Today’s blog will run a little long because of data being included.
Although many of the media headlines tout the solid growth in jobs, what gets far less coverage is the slow growth in salaries/wages. Clearly, solid jobs growth is needed to build the foundation for sustainable economic growth and solid jobs growth should be celebrated. The point though: it is not jobs growth, in and of itself, that is important. Historically, solid jobs growth leads to solid salary/wage growth and since U.S. economic growth-as measured by GDP-is still dependent on consumer spending, it is salary/wage growth that is the important foundation for sustainable economic growth.
One thing that I have discussed in the past and is worth repeating is, when the Bureau of Labor Statistics (BLS) reports on the number of jobs added each month, they do not distinguish between a job that is 4 hours a week or a job that is 40 hours a weeks. A job is a job when it comes to calculating how many jobs were created and jobs creation is what hits the headlines. There is more detail behind the headline report, and from there, it is possible to gather some clues as to why salary growth has been slow. All data below is from the BLS database.
Clue #1: The difference between part-time jobs and full time jobs added since the recession started-December 2007-through July 2015.
The nation recovered all of the part-time jobs lost during the recession and has a net addition of 1,698,000 people who are holding down part-time jobs when they want full-time jobs. At the same time we have not recovered all of the full-time jobs lost. Since part-time workers often do not have any benefits associated with the jobs, intuitively, it would make sense that salaries (wages and benefits) would see slow growth.
Clue #2: Where jobs are being created.
One of the explanations for slow salary growth lies in the composition of jobs added from the start of the recession to now. What the data shows is, in general, we have a net loss in many of the higher paying jobs and have replaced those lost jobs with lower paying jobs. Here is a breakdown of how many jobs were added/(lost) for each indusry sector along with their average hourly pay rate.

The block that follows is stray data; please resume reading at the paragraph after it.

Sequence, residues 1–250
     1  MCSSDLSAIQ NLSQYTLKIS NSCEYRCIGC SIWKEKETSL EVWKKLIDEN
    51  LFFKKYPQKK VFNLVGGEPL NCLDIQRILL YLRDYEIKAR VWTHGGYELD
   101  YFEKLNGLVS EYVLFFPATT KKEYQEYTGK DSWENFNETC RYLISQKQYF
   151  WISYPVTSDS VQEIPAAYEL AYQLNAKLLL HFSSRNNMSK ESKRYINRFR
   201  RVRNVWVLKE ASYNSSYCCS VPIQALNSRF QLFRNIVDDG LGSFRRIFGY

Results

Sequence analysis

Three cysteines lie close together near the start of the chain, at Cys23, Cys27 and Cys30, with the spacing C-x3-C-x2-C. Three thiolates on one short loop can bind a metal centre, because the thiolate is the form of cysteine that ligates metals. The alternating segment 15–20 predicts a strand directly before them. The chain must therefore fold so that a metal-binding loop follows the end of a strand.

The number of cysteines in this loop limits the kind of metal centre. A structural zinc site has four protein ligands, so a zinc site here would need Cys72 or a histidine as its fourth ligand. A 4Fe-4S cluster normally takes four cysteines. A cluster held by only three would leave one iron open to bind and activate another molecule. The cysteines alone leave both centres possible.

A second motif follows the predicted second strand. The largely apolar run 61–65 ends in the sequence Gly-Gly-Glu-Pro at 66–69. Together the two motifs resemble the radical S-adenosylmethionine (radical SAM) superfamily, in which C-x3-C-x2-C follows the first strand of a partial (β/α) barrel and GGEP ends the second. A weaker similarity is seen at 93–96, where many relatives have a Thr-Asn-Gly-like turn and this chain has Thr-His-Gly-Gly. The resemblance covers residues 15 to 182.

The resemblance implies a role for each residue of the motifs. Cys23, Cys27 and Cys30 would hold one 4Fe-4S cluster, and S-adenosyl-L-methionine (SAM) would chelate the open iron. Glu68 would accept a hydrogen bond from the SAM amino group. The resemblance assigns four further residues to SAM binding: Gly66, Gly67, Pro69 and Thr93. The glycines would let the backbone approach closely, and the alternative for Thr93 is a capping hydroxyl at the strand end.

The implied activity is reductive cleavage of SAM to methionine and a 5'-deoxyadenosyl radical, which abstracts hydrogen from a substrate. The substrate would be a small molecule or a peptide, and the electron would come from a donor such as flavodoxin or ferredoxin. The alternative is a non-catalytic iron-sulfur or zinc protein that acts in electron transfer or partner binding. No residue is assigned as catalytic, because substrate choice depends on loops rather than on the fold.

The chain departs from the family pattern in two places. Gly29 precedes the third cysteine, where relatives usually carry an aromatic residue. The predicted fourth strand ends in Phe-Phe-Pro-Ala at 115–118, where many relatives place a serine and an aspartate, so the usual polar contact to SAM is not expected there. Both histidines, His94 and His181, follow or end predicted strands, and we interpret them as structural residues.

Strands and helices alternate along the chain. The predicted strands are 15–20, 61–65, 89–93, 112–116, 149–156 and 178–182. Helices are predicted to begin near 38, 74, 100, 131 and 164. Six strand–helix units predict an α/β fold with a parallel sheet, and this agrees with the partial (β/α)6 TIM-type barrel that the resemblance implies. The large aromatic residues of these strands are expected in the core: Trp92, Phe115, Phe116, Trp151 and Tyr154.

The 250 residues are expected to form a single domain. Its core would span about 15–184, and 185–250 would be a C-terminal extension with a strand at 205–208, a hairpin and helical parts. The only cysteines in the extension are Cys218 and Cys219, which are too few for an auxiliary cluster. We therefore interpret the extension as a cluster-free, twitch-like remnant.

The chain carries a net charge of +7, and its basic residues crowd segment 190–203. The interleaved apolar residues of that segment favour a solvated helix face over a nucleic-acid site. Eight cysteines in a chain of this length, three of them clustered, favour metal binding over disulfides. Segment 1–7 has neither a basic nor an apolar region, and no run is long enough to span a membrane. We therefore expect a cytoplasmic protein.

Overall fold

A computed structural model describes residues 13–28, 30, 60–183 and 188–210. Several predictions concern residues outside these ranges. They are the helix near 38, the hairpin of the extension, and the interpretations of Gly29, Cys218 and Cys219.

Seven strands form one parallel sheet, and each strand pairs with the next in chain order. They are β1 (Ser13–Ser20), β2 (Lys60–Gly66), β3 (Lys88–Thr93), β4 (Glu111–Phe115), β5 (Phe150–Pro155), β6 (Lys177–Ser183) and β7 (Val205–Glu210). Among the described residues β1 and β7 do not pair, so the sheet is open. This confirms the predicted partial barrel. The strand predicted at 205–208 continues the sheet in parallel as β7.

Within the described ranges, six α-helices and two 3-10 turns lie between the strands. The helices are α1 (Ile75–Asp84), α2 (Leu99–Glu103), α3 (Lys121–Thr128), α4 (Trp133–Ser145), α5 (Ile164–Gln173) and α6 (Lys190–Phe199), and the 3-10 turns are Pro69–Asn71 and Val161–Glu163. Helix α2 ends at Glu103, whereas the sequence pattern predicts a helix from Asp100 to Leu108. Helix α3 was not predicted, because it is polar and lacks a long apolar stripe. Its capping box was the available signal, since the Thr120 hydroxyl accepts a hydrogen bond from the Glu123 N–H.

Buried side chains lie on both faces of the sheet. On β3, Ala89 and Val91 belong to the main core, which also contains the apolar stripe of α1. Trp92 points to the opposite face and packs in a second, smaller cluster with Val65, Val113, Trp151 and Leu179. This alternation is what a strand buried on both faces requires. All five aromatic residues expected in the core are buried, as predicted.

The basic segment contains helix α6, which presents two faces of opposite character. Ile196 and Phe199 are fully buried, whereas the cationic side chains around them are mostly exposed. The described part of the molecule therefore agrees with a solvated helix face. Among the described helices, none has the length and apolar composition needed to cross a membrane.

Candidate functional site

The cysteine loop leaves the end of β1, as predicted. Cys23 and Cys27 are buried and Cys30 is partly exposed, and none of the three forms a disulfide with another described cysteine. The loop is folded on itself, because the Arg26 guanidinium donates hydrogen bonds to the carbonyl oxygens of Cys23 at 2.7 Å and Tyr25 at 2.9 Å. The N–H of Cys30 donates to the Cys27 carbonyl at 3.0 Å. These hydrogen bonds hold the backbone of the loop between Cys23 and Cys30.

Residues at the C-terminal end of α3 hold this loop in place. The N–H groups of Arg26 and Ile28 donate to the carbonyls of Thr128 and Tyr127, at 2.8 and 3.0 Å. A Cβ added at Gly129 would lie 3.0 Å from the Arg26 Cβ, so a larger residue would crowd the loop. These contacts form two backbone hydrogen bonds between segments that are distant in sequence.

Clue #3: Pay increases.
Examining the difference in pay increases among industry sectors helps explain slow jobs growth as well.
Cumulative change in average hourly earnings December 2007-July 2015:
As a whole, the sectors that had bigger jobs gains had lower wage increases than the sectors that lost jobs.
Clue #4: What small business owners are saying.
From an anectodal evidence standpoint, a common theme that I have heard from small business owners during the various economic presentations that I give is that small business owners have absorbed a higher percentage of the increased cost of benefits compared to what they passed on to employees. Because of this, there is less money available for wage increases.
As we look for clues for potential increases in economic growth the first place to start is to monitor salary/wage growth. As long as our economy is a consumer spending driven economy, wage growth remains the critical component for increased consumer spending.
Steve Scranton is the Chief Investment Officer and Economist for Washington Trust Bank and is a CFA charter holder with over 30 years of investment experience with equities, tax-exempt and taxable fixed income securities. Steve actively participates on committees within the bank to help design strategies and policies related to client and bank owned investments. Steve also serves as the economist for the Bank and has been a featured speaker for both client and professional organization events throughout the Northwest.